When Swimmers Collide

paddles

Anyone who’s swum team practices at any age knows it – constant, close contact in a pool with narrow lanes crammed with swimmers makes it inevitable – you’re going to collide with teammates.

I’ve been in and seen a lot of pool mishaps during my years. Among the most common? Swimmers running into each other within the same lane (e.g. backstroker unknowingly running down the swimmer ahead of them, poor circle- or split-lane sharing skills, newbie swimmers who have yet to grasp how to go in/out of walls to avoid the swimmers both ahead and behind them, etc.), one swimmer clipping another off of a dive or jump entry, backstrokers slamming their heads into the wall, freestylers and backstrokers smashing their heels on the deck on a flip turn (I’m looking at you, Robin!), broken fingers from strong wall finishes, and much, much, more.

My worst personal swim collision is a little twist on another very common incident – the paddle clip. Every competitive swimmer has their fair share of hand, finger, and wrist bruises from getting whacked by a teammate who’s crushing a pull set while wearing paddles the size of dinner plates. (In fact, I suspect a lot of the reported broken finger and hand “training accidents” which seem to be on the rise among elite female swimmers is from getting clipped by their male teammates.)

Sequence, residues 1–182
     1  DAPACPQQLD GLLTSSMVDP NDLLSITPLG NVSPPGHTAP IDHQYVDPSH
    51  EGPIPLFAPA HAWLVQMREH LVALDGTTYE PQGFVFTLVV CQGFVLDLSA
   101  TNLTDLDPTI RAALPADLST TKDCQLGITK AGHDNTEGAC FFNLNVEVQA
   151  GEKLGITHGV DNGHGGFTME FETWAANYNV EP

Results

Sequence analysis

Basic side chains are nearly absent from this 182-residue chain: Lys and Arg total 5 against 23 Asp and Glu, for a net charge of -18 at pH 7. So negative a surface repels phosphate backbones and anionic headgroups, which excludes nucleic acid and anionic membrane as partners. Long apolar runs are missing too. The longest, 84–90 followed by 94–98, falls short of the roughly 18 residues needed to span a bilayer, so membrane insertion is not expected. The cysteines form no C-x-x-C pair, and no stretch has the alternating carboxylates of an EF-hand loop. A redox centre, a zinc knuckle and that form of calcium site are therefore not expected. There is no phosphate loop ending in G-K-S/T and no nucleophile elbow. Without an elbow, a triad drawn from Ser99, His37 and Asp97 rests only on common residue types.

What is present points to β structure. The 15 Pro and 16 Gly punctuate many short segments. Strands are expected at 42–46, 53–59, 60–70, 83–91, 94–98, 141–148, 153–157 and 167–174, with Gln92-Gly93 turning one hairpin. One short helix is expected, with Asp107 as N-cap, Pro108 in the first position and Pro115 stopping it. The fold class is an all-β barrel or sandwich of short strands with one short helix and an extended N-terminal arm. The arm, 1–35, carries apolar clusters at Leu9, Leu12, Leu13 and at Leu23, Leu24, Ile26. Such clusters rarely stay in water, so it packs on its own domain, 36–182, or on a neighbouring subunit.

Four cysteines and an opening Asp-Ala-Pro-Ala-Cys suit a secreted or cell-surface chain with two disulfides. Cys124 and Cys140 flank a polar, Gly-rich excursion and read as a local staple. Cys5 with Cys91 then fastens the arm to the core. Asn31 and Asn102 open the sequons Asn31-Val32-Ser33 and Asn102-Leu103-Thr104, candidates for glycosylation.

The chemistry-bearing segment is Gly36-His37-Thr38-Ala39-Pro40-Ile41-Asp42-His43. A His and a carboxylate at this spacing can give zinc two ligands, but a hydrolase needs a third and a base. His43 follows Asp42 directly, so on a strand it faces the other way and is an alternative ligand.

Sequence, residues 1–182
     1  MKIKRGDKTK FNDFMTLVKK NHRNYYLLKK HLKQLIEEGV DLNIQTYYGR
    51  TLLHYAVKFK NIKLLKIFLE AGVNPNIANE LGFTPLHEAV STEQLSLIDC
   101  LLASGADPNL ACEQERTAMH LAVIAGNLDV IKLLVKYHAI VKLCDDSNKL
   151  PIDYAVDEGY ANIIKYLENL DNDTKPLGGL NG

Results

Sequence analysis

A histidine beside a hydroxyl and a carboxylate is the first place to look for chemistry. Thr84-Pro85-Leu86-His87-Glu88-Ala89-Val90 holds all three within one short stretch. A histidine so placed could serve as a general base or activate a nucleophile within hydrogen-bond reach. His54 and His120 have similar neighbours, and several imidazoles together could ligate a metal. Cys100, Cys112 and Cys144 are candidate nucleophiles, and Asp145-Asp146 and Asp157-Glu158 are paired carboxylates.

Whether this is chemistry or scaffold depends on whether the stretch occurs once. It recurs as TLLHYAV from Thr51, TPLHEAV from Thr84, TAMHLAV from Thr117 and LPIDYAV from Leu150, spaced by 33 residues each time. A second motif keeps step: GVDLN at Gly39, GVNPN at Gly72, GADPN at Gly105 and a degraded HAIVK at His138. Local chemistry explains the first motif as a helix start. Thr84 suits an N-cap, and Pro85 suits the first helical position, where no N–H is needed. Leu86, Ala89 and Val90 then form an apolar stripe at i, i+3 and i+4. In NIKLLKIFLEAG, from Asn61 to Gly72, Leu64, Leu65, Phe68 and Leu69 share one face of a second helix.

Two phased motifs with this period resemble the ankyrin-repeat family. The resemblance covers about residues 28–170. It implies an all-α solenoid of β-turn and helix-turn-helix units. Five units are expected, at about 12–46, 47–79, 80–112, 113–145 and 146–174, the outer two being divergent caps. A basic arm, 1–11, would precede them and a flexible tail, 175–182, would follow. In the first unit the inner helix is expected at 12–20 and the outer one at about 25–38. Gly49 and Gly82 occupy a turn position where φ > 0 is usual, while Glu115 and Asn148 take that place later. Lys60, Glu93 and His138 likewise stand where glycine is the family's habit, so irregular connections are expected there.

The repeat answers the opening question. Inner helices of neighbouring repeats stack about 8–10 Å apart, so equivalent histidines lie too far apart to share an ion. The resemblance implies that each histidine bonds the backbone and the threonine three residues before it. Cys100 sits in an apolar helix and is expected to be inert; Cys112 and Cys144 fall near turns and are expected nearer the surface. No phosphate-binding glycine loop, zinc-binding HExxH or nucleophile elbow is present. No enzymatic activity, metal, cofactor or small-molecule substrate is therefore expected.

However, as an age grouper, I got nailed in the mouth with a paddle during a long freestyle pull set as one of my friends was coming off the wall while I headed in. With the kind of impact that causes immediate, impressive swelling. Most of the time I can “swim through” collisions and other ailments, but this time I had to get out immediately for icing. And there was also the blood – my eyetooth tore a big patch of skin in my mouth.

The swelling went down a bit that night at home, but my mouth started puffing up again in class the next morning. This caused quite the stir, as you can imagine, with teachers wondering if I was getting smacked around at home. They were slow to accept the “training accident’ explanation. After all, this was an era when girls pursuing sports seriously wasn’t the norm—even establishing the girls’ varsity swim team was still a few years off. A few phone calls later however, I was back in class with an ice pack. The cut took a long time to heal, however. Large, jagged mouth cuts are constantly aggravated, no matter how little you eat or despite multiple, daily salt-water mouthwashes.

Today, my current masters team SCY training pool has super narrow lanes. It’s a daily miracle when I get through the pull set without getting clipped, especially as I don’t wear paddles – I feel particularly vulnerable. As such, just accepting that I’m going to have black and blue fingers and hands during the indoor SCY season was a tad depressing, so I’ve found a training silver lining: Avoiding getting clipped forces me to rotate fully on my non-breathing side and thus not wing-out my right arm on recovery as well as keep my head down for a stroke or two off the walls!

 

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When Swimmers Collide

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